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Related to Glossators: School of Glossators, Legal glossator



a school of jurists of the 11-13th centuries at the University of Bologna in Italy. The remarks inscribed by the glossators in the margins and between the lines of texts that they were studying were called glosses (hence the term “glossator”).

The glossators revived—at first for teaching purposes and later for practical application as well—the classical Roman law, mainly the Code of Justinian. The founder of the glossator school, Irnerius, was the first to separate Roman law from the general rhetoric curriculum and teach it as a separate subject, not in excerpts but in full. The glossator school is represented by Bulgarus, Martinus, Hugo, Azo, Jacobus, and Accursius, who systematized his predecessors’ work in a single compendium of glosses, the Glossa ordinaria. The glossators did not understand the historical limitation of legal institutions, considering Roman law outside time and above the state (ratio scripta—written reason). With their explications they promoted the imperial policies of the German emperors and the increase of feudal exploitation. At the same time, because of the secular character of the argumentation, the comprehensive, meticulous comparisons of legal norms, and the extensive use of juridical concepts and categories, the glossators laid the foundation of juridical science and culture, which had been almost completely lost since the fall of the Western Roman Empire. The glossators were the first to envisage the acceptance of Roman law by Western Europe, and by their activity they facilitated its development. Their labors served as the foundation of later commentary on the Roman law by the postglossators and legists.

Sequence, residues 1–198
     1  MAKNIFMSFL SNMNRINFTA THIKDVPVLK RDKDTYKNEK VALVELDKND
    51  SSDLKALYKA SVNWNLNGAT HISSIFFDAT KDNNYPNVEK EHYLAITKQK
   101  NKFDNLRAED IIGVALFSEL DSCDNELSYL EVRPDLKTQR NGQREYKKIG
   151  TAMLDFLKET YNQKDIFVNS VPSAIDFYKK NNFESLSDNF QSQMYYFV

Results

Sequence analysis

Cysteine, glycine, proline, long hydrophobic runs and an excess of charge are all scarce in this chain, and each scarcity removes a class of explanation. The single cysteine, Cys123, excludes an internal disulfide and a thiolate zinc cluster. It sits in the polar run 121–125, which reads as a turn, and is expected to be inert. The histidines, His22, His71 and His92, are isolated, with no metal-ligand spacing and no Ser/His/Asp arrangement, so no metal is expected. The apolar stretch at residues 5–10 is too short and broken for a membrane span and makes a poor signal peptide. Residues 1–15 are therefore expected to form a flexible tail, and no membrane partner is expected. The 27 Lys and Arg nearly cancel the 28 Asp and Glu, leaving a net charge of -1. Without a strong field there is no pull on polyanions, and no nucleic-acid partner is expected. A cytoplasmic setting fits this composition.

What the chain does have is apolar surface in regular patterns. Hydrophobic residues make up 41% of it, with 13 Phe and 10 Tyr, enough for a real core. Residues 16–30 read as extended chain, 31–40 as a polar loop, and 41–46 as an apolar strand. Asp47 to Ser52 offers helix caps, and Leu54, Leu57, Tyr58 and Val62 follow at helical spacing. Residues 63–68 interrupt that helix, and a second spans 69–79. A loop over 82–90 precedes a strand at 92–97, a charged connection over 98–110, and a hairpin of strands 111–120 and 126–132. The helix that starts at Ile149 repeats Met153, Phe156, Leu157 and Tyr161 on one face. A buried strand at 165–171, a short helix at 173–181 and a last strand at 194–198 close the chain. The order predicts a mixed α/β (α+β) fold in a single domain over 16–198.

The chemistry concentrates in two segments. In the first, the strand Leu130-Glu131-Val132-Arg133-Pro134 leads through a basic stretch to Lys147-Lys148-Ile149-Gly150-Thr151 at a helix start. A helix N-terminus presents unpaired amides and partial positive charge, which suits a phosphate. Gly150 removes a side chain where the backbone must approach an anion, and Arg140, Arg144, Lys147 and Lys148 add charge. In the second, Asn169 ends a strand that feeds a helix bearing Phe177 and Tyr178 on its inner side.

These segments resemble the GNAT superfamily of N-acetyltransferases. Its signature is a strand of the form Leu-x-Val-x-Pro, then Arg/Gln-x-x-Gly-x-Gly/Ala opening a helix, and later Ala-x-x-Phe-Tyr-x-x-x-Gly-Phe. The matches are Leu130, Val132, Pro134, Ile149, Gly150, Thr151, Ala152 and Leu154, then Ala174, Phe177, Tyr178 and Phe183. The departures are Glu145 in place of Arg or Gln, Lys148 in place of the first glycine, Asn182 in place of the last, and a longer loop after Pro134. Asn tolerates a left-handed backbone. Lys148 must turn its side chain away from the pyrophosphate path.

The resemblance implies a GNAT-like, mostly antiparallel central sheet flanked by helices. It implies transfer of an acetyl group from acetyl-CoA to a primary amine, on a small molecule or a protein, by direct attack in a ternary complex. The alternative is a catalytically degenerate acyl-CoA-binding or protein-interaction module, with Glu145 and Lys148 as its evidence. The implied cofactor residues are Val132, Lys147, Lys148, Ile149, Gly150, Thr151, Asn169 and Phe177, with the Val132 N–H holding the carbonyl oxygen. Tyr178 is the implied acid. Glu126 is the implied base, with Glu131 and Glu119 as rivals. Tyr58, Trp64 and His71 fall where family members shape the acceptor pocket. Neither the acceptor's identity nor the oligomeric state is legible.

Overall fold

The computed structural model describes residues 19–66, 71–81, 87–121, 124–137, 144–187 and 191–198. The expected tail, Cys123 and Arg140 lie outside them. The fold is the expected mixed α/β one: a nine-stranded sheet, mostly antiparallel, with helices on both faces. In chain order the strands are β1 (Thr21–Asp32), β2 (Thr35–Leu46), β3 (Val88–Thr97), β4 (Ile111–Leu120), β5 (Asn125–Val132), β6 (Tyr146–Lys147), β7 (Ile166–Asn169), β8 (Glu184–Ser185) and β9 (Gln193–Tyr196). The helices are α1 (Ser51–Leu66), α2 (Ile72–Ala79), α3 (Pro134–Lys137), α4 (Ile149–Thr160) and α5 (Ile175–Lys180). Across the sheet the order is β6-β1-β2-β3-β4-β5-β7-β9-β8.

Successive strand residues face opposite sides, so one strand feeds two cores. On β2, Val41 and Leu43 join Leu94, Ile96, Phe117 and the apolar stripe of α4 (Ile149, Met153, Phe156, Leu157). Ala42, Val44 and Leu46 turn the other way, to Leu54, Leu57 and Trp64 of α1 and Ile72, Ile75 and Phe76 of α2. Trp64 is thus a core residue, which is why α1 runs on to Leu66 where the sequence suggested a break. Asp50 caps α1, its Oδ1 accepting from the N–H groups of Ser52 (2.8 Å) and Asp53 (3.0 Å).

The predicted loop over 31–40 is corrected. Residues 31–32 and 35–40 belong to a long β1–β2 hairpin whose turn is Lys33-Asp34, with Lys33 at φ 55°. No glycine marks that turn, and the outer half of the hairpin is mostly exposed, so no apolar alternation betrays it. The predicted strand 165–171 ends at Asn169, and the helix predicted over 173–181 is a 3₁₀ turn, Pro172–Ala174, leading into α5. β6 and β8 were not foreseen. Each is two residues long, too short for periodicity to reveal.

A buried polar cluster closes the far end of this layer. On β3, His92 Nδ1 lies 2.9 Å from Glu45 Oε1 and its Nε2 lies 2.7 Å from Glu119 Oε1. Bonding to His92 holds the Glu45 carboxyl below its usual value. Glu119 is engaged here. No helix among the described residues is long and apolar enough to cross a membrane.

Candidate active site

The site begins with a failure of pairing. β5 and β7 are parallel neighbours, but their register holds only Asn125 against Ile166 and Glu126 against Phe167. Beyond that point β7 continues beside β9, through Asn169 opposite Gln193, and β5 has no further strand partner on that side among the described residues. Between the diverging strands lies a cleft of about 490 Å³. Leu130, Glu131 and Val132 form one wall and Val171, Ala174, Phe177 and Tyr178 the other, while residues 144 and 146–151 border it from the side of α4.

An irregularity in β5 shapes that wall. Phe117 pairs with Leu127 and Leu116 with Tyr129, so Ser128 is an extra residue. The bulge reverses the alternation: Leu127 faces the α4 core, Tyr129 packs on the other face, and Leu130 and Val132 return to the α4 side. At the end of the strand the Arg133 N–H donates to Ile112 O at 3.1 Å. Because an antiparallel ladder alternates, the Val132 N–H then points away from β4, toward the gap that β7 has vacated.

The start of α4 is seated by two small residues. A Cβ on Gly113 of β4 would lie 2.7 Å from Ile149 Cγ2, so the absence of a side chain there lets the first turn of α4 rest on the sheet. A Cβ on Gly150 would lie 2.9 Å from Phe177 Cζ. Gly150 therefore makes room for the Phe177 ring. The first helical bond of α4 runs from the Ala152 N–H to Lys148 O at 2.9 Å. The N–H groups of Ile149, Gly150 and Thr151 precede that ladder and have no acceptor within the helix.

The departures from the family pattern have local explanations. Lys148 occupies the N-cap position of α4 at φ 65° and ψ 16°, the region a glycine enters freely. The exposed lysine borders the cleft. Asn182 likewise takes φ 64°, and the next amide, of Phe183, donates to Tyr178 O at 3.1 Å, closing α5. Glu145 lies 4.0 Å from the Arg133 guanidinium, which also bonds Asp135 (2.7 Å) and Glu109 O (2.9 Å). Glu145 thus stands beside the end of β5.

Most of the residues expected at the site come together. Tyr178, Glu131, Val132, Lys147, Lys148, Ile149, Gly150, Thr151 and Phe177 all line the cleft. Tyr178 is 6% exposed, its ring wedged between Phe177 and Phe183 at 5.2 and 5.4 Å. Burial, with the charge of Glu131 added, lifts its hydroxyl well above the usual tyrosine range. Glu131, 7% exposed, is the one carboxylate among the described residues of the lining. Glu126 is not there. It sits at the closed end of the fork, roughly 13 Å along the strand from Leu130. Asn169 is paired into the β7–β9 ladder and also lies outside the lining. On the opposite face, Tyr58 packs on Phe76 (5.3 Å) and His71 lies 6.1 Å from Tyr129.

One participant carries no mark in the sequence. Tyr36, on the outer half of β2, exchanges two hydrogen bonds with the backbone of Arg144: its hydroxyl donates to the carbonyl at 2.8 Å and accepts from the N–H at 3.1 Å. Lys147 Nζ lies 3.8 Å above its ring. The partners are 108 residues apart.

Sauvigny, F. K. O rimskom prave v srednie veka [iz soch.]. St. Petersburg, 1838. (Translated from German.)
Dernburg, H. Pandekty, vols. 1-3. Moscow-St. Petersburg, 1906-11. (Translated from German.)
Muromtsev, S. A. Retseptsiia rimskogo prava na Zapade. Moscow, 1886.


References in periodicals archive ?
In conclusion, the earliest glossators of the Commedia universally characterize Malacoda's gastric eruption with critical language evocative of socio-political satires.
As mentioned above, the canon law occurred at the same time as the glossators.
Wailes explains in detail, saw Jesus's riddling as a punishment fit for a crowd who didn't want and didn't deserve, because of their vicious nature, to understand him; these glossators often repeat some variant of a comment by Bede the Venerable that Jesus's audience comprises those who "because of the closed senses of their hearts care neither to [approach Jesus for enlightenment] nor to know the truth, and rightly therefore hear through parables and enigmas.
He is numbered among the outstanding glossators (commentators) who were contemporary with the great gloss (commentary) of Accursus.
39, Suetonius, Horace, and a wide range of legal glossators and commentators.
In the fashion of medieval writers, whether the authors of the Midrash or the glossators and commentators on the medieval canon law, I shall use paraphrases of the text itself as the basis of my analysis, and the organization of the Article will be structured around particular clauses of the text.
Modern critics are less forgiving than Bongo or the Geneva glossators.
The conjecture that Boccaccio's Lisabetta represents a synthesis of Virgil's and Jerome's Didos evolves into a fascinating discussion of the centuries-long controversy regarding the relative merits of the historical and poetic versions of Dido--a debate with social and moral implications that extend well beyond the insular world of poets and glossators, broaching such universally pressing issues as fame, infamy, and misogyny.
Whereas Pena and Covarrubias primarily interpreted canon law and its glossators, others understood the introduction of prohibited books in more theological and scriptural terms.
The liberal side will allow glossators or commentators or even interpreters of the original and basic texts of the religion.
This regulatory system or "dispensation" must therefore register not only in the historical world of biblical authors and glossators but also in the modern poetic community Coleridge constructs within and around lyric.
Antonio Manuel Hespanha has argued that the translation of Justinian's Codex and its medieval Italian glossators under Dom Joao I (1424) facilitated the codification of patrilinear inheritance practices for feudal properties and jurisdictions, a process that in Italy and Spain had been achieved earlier with the redaction of the Lombard Libri Feodorum in the twelfth century and the Siete Partidas in 1348, respectively.